Sunday, September 21, 2014

Mitochondrial Disease... What's That?

Source: Saving Savannah Facebook Page

Mitochondrial disease awareness week is almost over for 2014 and I have been quiet throughout although I've read through every last post on my feed about it, looked at every picture, watched every video, and prayed over every person who has asked for prayers. I have cried over the losses, so many losses, of people who battled this disease and died because of it. Yet still I have been quiet. Not because it doesn't matter to me, but rather because it matters so much that I didn't know how to add my shaky small hurting voice to the choir of voices speaking out. Tonight though I'm digging to find those words because awareness is so key to the fight against mitochondrial disease.

What is Mitochondrial Disease you are probably asking... That's fair, most people have never heard of it even though it is present as frequently in children as cystic fibrosis as well as almost as frequently as all pediatric cancer types combined.

Mitochondria are the batteries of our body. They provide the energy and in people with mitochondrial disease they are not able to adequately turn oxygen and food that is taken into the body into energy. This can cause symptoms in any area at all of the body and is often misdiagnosed as other diseases or syndromes first because of the vast spectrum of symptoms that can present such as developmental delay, liver or kidney disease, poor growth, recurrent infections, lung disease, apnea, migraines, and many many more.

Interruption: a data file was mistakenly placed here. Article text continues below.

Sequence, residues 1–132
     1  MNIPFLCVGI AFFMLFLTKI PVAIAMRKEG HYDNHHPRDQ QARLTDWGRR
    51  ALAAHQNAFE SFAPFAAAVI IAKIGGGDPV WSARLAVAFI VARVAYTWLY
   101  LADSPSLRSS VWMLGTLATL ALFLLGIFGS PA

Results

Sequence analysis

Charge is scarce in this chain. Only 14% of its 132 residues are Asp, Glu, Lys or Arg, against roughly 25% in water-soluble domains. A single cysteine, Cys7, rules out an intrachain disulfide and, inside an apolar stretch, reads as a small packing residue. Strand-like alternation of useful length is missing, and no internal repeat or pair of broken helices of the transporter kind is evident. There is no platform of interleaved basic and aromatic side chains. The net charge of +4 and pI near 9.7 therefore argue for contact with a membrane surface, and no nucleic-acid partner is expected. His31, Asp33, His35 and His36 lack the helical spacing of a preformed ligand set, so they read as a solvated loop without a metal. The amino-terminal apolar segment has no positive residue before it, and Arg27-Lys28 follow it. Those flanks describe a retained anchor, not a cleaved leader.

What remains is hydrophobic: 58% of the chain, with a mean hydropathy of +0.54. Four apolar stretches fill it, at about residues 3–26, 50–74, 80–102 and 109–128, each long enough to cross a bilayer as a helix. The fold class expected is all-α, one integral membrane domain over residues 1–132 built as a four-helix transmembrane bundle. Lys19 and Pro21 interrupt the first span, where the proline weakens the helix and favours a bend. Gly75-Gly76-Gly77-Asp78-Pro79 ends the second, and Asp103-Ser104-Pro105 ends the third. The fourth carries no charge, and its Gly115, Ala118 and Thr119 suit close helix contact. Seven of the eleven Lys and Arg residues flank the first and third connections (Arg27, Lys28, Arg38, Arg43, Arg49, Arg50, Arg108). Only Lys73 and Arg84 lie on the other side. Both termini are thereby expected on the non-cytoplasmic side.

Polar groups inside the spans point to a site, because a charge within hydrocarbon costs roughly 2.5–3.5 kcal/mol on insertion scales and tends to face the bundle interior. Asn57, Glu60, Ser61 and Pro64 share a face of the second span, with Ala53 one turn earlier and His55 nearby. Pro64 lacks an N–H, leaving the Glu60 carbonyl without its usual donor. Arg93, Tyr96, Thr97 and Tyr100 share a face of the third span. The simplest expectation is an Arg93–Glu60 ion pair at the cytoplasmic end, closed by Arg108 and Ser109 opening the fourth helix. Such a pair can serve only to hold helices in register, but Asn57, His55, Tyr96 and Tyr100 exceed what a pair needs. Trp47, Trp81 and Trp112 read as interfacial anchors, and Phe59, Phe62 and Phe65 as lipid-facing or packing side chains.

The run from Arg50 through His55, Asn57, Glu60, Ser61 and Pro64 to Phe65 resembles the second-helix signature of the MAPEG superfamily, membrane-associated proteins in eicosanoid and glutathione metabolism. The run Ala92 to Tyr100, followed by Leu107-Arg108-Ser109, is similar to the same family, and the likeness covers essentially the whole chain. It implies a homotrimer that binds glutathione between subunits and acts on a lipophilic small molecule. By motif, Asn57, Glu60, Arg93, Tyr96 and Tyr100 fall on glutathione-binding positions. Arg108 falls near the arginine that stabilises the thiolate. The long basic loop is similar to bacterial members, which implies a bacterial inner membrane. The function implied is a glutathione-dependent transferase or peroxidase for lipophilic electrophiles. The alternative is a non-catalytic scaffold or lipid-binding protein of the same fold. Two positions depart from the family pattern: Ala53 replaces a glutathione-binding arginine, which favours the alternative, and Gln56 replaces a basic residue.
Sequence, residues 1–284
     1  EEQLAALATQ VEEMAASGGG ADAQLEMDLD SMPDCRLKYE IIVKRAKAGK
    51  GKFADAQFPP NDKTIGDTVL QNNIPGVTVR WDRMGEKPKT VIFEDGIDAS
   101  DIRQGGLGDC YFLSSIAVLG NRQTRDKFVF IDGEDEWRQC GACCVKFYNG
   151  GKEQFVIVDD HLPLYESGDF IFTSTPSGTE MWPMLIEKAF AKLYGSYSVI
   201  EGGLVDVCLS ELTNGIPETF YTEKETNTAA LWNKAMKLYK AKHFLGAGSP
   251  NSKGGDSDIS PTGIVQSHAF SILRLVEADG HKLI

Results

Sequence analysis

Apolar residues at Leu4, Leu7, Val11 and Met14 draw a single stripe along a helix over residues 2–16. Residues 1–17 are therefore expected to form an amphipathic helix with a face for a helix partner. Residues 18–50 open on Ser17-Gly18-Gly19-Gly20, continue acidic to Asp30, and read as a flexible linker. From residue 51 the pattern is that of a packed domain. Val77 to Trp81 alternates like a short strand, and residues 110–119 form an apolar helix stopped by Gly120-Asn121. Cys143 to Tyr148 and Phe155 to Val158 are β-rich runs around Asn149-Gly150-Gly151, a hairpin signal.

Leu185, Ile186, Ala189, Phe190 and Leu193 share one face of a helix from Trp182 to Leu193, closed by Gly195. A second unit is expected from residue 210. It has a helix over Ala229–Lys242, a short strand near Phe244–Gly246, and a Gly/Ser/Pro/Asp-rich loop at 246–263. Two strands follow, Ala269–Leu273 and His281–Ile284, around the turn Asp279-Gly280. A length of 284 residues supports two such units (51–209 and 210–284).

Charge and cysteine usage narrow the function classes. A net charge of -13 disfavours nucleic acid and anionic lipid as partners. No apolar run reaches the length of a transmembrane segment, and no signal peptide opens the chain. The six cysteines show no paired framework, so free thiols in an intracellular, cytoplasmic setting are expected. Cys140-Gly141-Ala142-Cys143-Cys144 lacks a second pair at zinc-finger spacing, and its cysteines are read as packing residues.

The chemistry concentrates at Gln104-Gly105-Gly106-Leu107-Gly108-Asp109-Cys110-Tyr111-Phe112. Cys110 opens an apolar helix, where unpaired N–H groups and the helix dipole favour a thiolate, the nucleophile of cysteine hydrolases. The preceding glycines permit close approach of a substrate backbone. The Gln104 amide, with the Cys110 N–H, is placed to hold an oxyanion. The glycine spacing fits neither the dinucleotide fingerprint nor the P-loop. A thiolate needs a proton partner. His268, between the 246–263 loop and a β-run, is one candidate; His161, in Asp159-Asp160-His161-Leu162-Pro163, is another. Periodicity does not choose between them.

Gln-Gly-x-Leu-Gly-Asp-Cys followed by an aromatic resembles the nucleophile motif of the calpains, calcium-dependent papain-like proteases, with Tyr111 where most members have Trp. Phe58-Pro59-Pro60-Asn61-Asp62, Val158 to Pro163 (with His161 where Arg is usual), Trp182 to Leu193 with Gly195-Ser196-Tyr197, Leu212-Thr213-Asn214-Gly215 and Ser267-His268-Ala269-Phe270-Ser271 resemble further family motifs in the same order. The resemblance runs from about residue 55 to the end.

There is no cure for mitochondrial disease. In some babies symptoms are present from birth, some children are older when they start showing symptoms and sometimes it is not triggered until adulthood. Every 30 minutes someone is born who will develop mitochondrial disease by the age of ten. Every.thirty.minutes. Because it is genetic it can effect whole families, sometimes the diagnosis of one person will lead to diagnosis in others where previously symptoms had be undiagnosed or misdiagnosed.

There are parents losing their children, children losing their parents, siblings losing their siblings... Every single day. I didn't know what I didn't know until I became friends with someone who has mito, and knowing that at any time I could lose her to this awful disease is part of the reason my heart is full of hurt when I hear the words mitochondrial disease. Since learning about mito I've made friends with others who are living with mitochondrial disease in themselves or their children and even in the short three years it's been on my radar I've cried over more losses than can ever possibly be fair or reasonable.